Safer Community‟ and the requirement to reduce deaths and injuries by
increased firefighter involvement in community safety activities. Therefore,
whilst every effort should be made to effect shift changes during periods of
low operational activity, it should be ensured that the ability to carry out CFS
work, particularly during the early evening, is not compromised. We are of the
view that overall there is a case for changing shift start/finish times.




                                       24
There are two approaches to consider the maximising of CFS opportunities.
Start/finish times of 0600 and 1800 hours would present opportunity to utilise
the day shift, whilst at the same time allow crews to change prior to any CFS
activity planned for early evening. There would also be six positive hours
before the „rest period„ from midnight36 and, with a shift change at 0600 hours,
there is an opportunity to increase early morning productivity 37. Alternatively,
start/finish times of 0900 and 2100 would permit virtually all the CFS to be
carried out by the day shift, leaving the night shift to carry out other station
work. Commencing work at 0900 hours would be no change from the existing
and by starting the night shift at 2100 hours, meal breaks could be
reconfigured to maximise productive working prior to midnight. This latter
option is more likely to achieve greater efficiency in relation to Community Fire
Safety activity.

The opportunity therefore exists to change shift times, which would improve
efficiency and meet the requirements of the Working Time Regulations.

Recommendation 7:

Shift start/finish times should change to maximise efficiency in relation
to Community Fire Safety activity.

Changes to Work Routine

Some Services are reviewing the work routine with the aim of increasing
productivity. Both the 8-hour and 12-hour options are seen by some as a
method of increasing work output. Given that both these options maintain full
24-hour instant response on shift working stations, there is no change from
the existing. It is therefore improbable that amending the work routine will
realise meaningful efficiency increases. We are of the view that a structured
and well-managed performance management framework is key to maximising
productivity at times when crews are not dealing with operational incidents. In
which case performance targets and outcomes become the productivity
drivers.

Some Services have considered utilising the traditional „stand down‟ time
between midnight and 0700 hours, and Public Holiday working, all of which
has been recently addressed in LFRS as per SO\ADMIN\80.

Overall we are of the view that under existing arrangements the wording of the
Service Order provides sufficient flexibility for managers to exercise discretion
in their obligation to meeting LFRS strategic objectives. Recent changes
have altered the station work routine to work „periods‟. This has increased the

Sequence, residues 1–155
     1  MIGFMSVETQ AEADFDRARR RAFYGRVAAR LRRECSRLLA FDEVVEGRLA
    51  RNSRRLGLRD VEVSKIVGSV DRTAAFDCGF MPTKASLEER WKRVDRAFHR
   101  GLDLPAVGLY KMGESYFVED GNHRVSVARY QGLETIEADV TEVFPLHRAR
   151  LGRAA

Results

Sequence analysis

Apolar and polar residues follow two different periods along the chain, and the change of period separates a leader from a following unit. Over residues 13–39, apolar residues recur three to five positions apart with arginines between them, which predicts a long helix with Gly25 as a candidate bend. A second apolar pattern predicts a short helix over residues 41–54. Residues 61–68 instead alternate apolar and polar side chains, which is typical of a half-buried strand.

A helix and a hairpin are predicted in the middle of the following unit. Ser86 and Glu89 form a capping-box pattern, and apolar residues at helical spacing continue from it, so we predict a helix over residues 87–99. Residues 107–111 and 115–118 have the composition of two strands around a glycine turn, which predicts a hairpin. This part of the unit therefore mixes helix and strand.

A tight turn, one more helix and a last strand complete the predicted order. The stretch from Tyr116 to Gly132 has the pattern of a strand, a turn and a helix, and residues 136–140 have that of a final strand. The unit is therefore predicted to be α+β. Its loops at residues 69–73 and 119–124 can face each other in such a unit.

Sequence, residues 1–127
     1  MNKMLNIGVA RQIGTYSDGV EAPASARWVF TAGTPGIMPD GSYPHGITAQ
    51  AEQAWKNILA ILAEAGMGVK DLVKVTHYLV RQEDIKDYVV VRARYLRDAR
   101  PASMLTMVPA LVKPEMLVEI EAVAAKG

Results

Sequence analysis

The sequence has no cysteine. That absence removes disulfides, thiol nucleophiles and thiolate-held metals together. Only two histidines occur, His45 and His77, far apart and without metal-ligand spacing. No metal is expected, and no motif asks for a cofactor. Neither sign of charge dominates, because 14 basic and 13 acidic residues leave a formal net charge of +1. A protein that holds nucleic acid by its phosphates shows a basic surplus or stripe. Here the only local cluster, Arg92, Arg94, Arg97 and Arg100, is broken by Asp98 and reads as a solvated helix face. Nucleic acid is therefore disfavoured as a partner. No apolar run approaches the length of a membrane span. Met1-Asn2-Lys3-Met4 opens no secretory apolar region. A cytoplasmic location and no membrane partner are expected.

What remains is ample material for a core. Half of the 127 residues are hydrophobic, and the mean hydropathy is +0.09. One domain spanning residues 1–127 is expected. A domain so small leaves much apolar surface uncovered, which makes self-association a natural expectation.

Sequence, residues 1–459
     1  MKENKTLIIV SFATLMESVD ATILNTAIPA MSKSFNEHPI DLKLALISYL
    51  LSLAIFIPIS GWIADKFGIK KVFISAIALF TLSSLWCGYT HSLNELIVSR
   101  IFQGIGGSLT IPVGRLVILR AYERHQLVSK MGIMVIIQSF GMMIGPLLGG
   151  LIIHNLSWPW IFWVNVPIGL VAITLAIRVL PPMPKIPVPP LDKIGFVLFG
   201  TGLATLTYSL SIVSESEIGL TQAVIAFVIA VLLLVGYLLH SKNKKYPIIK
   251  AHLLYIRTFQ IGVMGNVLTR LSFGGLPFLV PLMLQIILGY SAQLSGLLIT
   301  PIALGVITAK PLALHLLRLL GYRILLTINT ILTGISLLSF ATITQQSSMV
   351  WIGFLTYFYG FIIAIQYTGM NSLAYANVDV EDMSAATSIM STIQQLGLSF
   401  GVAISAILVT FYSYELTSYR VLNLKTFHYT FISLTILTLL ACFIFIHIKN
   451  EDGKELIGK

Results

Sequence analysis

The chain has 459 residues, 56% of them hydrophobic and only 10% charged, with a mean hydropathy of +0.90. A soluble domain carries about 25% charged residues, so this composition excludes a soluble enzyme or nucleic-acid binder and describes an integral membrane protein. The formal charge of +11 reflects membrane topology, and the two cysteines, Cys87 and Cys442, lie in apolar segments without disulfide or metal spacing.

time available for CFS work and should permit managers to develop within a
performance management framework.


36
  Which would probably include a meal break.
37
  Staff will be starting work at 0600 hours; at present, the rest period finishes at 0700 hours. The time
from 0700 to 0900 hours is at the end of a long shift and is often unproductive working time.


                                                   25
Key point 10:

The managerial approach has become more performance focused. The
LFRS work routine has recently been amended to reflect this, and
managers now have discretion in day to day management.


Systems Incorporating Annualised Hours (4 and 5 shift)

This is a popular option among some Brigades. We have considered whether
such a system would be appropriate for LFRS and believe that the basis,
upon which the annualised hours calculation is made, is flawed. There are
widespread discrepancies in what constitutes the total number of annualised
hours available to an authority, details of which are outlined below.

Annualised hours is a flexible system whereby employees‟ hours are totalled
over a period, e.g. one-year. The main purpose of this approach is to permit
employees to work more or less hours per week as agreed to meet peaks and
troughs of the business. For the employer there is an advantage that some
shifts may be allocated, with the remainder being held back and utilised at
times of greatest need. The company may use these unallocated shifts to
cover for absent colleagues or to cope with peak demand.38

The principle of annualised hours has been used by some brigades to
recalculate the commitment of staff conditioned to working the 42-hour shift
system. There has been great debate as to how hours worked should be
calculated and to date there are wide discrepancies. There are two crucial
issues:

     1. The interpretation of the annualised hours formula
     2. The definition of a „working week‟

The interpretation of the annualised hours formula

“In some systems the employee is paid for unallocated shifts and „owes‟ time
to the company. The company holds these hours or „payback‟ shifts in
reserve and can ask employees to work them at short notice to cover for
colleagues or cope with peak demand (ACAS).”

Brigades have considered the hours worked by 42-hour shift workers and, as
a matter of controversial opinion, some are of the belief that staff are „in debt‟
to the authority. The shortfall in hours is to be used to cover for sickness
absence.

In justifying the shortfall in hours; brigades have used the „ACAS typical‟
formula to calculate annual hours.

38
  Further details can be found in the ACAS Advisory Booklet – Changing Patterns of Work and NJC
for Local Government Services; Finding the balance, Work-life policies in practice